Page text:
A retail industry source said this would clearly benefit players such as Apple that are struggling to launch physical stores. They have been depending on franchisees as local-souring norms did not suit them.
Harsha Razdan, partner, consumer markets, KPMG India, said, “Allowing single-brand retailers to start online stores, while meeting local-sourcing norms, aligns well with the Digital India initiative, giving them time to build their brick-and-mortar presence.”
Shobhit Agarwal, managing director and chief executive officer, Anarock Capital, said, “Foreign retail giants such as Apple will now find the Indian market more lucrative to invest. Besides Apple, other foreign brands, who have been in the wait-and-watch mode so far, will make their foray into India and partake of the consumption story here.”
According to retailers which already operate in the country, the new norms will help in ease of doing business, something they have been demanding for a while.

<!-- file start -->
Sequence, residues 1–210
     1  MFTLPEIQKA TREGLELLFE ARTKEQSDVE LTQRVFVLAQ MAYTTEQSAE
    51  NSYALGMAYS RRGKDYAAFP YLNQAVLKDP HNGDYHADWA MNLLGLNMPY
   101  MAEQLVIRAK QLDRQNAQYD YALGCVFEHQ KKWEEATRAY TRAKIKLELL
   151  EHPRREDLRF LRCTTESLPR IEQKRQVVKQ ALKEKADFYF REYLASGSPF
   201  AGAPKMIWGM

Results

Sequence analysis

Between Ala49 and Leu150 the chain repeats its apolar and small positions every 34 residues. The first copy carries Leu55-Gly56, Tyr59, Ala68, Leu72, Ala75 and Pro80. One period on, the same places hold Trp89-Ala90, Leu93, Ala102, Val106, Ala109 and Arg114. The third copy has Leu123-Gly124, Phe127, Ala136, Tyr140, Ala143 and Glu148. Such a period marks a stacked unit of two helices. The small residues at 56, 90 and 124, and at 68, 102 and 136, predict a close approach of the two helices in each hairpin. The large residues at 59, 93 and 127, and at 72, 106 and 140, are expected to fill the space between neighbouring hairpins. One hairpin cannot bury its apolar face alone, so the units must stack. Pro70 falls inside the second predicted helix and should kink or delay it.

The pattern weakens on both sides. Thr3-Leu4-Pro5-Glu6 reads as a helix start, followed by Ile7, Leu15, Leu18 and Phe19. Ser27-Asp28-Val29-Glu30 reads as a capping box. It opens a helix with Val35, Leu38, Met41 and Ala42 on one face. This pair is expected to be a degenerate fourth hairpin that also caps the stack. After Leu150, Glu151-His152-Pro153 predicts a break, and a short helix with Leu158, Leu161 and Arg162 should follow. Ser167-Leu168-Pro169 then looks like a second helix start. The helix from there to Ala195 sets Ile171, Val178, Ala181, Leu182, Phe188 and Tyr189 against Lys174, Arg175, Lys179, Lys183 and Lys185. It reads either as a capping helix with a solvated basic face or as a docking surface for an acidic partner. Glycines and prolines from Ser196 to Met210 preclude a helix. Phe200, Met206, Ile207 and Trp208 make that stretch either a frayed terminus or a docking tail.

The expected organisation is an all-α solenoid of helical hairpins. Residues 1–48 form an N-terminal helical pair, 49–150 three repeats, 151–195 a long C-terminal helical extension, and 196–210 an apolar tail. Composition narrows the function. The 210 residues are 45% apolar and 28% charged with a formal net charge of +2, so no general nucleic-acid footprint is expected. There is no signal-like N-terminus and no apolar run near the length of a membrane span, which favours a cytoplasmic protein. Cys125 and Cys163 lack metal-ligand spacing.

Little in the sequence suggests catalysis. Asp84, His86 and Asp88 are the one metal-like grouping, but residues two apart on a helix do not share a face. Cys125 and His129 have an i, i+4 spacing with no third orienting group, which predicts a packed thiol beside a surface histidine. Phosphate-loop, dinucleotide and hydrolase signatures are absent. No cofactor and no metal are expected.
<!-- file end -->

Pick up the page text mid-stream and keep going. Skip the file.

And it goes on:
Janne Einola, country manager of fashion retailer H&M, said, “We have been sourcing from India for the past 30 years for our international markets. It is great to see global sourcing is now part of the 30 per cent local sourcing norms. We see this supporting ease of doing business in India and driving in larger investments.”
In a statement, furniture retailer IKEA India said, “The government’s effort to enhance ease of doing business for single-brand retailers is encouraging. IKEA has been sourcing from India for more than 30 years. We are committed to increase local sourcing from the country.”